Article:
I always thought that the more someone knew, the smarter they were. However, at CITYterm, we practiced the skill of “not knowing,” which at first sounds counterintuitive because people are constantly trying to know more. CITYterm taught me that “not knowing” has little to do with trying to know something — it is about how someone deals with ambiguity in the moment, not escaping it. By cultivating this skill, my anxious tendency to always have control started to become less and less of a habit. I learned that sometimes the most gratifying experiences are ones that approach without warning.

Spending those four months in New York City cajoled me to try new things, grow, question my beliefs, and see the world through a different lens. When I had only myself to rely on, I realized that all along, I had the strength within to battle the unknown.

I still vividly recall, during my last week of CITYterm, exploring the neighborhood of Williamsburg alone for the day. I had this magnificent plan to walk over the bridge at sunset, which all went according to plan — until my phone died. Instead of resorting to the cycle of panic that I knew all too well, I laughed at what should have been a very stressful situation. Where did my anxiety go? In retelling this story to my peers and teachers, I could hardly recognize the person I had become. I had conquered the anxiety that had tormented me throughout most of my childhood years by embracing the unknown.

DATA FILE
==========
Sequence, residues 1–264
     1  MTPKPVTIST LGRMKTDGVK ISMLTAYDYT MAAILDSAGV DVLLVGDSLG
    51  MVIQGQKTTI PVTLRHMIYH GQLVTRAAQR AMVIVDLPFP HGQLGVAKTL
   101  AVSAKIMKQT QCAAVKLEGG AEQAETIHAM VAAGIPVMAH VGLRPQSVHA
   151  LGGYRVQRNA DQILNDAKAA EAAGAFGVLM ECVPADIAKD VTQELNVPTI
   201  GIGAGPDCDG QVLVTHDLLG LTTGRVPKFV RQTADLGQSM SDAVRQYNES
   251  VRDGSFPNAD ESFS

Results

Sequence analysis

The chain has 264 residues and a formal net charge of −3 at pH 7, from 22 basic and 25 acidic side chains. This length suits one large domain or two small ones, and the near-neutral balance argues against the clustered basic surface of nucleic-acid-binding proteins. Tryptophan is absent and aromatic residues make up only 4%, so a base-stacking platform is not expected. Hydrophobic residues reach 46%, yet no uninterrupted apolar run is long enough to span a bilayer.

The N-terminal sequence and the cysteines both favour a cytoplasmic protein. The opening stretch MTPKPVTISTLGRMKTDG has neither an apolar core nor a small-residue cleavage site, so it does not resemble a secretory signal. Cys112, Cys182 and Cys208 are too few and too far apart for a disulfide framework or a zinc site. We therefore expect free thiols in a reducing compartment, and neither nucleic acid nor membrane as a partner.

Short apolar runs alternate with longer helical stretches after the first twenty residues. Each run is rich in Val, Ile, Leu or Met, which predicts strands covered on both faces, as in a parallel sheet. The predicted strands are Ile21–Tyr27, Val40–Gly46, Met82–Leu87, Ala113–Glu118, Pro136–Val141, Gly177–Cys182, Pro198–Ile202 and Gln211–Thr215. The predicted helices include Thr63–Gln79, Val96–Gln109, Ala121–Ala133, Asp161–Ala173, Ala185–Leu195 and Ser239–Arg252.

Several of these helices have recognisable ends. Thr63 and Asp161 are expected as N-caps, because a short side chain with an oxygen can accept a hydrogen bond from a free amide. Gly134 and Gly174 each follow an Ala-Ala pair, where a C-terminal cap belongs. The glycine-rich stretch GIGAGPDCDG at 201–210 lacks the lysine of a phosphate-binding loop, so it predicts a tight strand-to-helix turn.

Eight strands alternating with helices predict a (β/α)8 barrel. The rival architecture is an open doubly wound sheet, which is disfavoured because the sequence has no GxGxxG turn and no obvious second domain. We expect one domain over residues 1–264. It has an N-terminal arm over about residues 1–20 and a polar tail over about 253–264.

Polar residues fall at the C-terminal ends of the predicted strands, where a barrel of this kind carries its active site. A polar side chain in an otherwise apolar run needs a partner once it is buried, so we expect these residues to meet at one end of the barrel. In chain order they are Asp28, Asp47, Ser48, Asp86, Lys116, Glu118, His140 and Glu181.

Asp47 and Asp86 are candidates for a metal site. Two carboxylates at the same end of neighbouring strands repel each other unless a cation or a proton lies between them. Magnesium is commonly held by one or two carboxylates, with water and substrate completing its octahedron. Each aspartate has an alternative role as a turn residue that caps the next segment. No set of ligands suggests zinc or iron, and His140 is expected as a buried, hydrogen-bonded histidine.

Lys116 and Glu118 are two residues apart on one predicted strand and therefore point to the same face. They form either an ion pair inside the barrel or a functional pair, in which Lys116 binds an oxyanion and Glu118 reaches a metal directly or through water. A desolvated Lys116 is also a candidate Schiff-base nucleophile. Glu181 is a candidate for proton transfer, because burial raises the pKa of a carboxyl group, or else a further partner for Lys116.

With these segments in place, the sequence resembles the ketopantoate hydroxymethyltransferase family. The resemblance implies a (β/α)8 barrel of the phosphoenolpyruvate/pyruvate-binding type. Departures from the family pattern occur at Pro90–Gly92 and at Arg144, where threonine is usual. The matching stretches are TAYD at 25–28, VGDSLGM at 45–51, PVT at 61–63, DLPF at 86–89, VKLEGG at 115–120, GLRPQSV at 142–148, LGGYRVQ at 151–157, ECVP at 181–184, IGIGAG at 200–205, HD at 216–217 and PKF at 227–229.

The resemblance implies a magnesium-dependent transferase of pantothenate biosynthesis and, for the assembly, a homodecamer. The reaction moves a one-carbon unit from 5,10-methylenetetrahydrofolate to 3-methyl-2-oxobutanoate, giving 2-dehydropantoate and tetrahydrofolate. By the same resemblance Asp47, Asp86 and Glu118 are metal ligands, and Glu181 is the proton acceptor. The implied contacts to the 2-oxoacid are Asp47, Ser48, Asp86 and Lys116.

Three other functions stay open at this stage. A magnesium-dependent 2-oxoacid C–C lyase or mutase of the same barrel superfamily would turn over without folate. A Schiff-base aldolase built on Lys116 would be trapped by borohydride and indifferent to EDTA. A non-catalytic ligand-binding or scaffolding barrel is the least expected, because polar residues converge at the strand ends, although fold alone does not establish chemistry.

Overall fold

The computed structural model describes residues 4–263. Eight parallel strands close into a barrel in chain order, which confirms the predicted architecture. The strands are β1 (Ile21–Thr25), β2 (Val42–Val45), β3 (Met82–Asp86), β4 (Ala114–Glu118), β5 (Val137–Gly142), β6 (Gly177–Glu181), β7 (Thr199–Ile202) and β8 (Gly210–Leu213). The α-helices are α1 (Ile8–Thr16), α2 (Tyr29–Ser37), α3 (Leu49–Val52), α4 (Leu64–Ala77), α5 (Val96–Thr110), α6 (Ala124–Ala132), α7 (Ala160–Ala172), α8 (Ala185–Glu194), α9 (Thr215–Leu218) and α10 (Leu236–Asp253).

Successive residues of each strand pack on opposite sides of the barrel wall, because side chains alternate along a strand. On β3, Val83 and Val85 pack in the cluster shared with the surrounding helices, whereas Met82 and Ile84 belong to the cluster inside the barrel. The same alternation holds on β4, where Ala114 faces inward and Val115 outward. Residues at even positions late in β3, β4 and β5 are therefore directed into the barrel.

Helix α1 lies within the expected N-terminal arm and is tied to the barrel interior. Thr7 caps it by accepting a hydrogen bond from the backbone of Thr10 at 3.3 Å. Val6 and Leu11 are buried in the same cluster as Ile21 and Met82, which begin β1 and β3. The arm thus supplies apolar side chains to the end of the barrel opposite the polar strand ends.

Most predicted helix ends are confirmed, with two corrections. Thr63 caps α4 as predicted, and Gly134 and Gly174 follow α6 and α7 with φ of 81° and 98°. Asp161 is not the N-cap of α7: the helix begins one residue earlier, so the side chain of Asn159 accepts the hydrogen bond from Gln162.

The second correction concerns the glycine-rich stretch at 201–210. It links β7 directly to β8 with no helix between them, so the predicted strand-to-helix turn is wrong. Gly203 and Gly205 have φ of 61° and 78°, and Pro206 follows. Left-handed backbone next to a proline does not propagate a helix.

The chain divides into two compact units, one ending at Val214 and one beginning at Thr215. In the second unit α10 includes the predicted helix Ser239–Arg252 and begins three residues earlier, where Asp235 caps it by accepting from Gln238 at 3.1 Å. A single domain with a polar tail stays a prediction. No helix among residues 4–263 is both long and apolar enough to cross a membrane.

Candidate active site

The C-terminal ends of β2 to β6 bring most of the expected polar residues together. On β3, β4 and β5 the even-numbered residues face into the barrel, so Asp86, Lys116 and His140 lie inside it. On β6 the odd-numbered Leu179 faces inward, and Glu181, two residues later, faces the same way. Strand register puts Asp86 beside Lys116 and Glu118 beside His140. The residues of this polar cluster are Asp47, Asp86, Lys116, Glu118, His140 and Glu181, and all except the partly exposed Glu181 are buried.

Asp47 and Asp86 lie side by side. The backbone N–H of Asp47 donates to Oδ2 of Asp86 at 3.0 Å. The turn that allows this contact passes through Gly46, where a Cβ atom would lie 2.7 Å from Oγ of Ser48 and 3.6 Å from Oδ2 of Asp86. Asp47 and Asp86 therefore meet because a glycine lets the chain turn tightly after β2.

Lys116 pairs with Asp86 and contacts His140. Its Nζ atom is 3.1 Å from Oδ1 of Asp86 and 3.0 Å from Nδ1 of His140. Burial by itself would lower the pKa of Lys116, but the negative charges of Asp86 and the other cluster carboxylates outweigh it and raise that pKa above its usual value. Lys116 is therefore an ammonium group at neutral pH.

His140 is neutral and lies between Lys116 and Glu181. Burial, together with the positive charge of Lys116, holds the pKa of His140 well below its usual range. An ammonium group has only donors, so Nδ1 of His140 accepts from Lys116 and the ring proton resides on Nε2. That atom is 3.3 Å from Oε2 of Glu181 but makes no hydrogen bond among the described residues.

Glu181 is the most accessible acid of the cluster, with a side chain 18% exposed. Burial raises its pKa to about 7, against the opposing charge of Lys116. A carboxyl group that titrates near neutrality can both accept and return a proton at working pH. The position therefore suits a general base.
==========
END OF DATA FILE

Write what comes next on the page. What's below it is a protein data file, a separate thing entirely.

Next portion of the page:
I often compare myself to the person I was before I went to New York: a person who relied on others more than trusting herself. In this girl’s place, the strong, confident woman I am today continues to explore by herself.

If you told me three years ago that my phone would die while I was alone on the Williamsburg Bridge at night, I would have panicked for my future self. If you had told me three years ago that I would walk the entire length of Manhattan, I would have laughed in disbelief. If you told me that in the first week of being here, my teachers would abandon us in New York City and that I would absolutely love it, I would have thought that was ridiculous. And if you told me three years ago that my life would completely and forever change in the course of four months, I would cry. I would cry because I needed so badly to be in a community of love and acceptance. I needed to grow. I had an option: I could take the chance, or I could go on living my life the way it was. I chose change.  

Whenever I really think about what CITYterm gave me, I always tear up because of the deep gratitude that I feel for the internal freedom it gave me.

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More on Mental Health on Campus:

What Campus Mental Health Centers Are Doing to Keep Up With Student Need

If You’re a Student Who’s Struggling With Mental Health, These 7 Tips Will Help

The Hidden Stress of RAs in the Student Mental Health Crisis

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People look for retreats for themselves, in the country, by the coast, or in the hills . . . There is nowhere that a person can find a more peaceful and trouble-free retreat than in his own mind. . . . So constantly give yourself this retreat, and renew yourself.

- MARCUS AURELIUS